Prudential’s recruiting method, called the Career Development Program, allows people to stay in their current jobs throughout six months of training — mostly online, and at the candidates’ own pace — to earn the professional designations required to become a certified life insurance agent and financial advisor.
Prudential launched the CDP in 2009 as a small-scale experiment, but it’s worked so well that it’s now the only way the company hires new financial professionals, some 3,400 of whom have done the training so far.
“Our managers like this approach a lot better, because it shows them clearly how committed and conscientious each candidate is before that person is hired,” says Caroline Feeney, Prudential’s newly appointed president of agency distribution.
The dropout rate is high. Roughly 60% of candidates don’t make it through the demanding combination of course work, exams, assessments, and exercises Prudential requires (and pays for). “Either they decide somewhere along the way, or we do, that it just isn’t going to work out,” Feeney says. “But this way, we find out early, before we bring them on board and they end up quitting or being fired.” By letting the company test-drive candidates, and vice versa, before they’re added to the payroll, Feeney says the CDP costs much less than the company’s old hiring method — largely because it has chopped turnover by about 40%.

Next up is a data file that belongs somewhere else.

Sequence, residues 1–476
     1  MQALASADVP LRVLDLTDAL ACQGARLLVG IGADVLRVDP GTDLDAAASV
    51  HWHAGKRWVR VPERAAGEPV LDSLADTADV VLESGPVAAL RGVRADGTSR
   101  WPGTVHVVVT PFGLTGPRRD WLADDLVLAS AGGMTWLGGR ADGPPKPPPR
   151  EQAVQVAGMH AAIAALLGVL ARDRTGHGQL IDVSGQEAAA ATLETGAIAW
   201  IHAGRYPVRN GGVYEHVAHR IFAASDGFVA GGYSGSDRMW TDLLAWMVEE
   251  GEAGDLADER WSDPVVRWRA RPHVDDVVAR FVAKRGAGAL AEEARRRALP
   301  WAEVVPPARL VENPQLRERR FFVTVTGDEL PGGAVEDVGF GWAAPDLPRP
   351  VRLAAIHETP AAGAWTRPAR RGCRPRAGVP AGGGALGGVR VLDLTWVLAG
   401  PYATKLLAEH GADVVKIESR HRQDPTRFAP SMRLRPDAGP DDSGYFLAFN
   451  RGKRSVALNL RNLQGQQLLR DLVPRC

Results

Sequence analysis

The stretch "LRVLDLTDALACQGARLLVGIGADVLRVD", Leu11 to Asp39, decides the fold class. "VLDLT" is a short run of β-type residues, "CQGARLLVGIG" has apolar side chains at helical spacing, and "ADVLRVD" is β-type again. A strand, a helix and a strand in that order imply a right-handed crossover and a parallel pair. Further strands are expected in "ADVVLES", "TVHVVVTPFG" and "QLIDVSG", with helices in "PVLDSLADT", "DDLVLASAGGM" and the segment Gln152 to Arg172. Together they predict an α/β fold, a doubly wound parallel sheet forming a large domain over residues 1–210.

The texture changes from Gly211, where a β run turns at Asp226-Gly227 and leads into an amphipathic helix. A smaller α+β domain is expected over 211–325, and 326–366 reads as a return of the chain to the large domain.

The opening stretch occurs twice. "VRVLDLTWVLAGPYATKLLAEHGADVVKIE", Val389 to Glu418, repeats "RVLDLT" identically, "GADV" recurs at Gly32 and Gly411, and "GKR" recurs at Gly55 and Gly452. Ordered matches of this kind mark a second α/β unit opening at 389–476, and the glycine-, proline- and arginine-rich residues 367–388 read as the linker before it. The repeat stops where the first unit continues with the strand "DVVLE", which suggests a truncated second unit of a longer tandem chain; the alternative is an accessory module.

Source: “Prudential’s secret for hiring self-starters: Try before you buy”
Original Publication: FORTUNE
Subject: Human Resources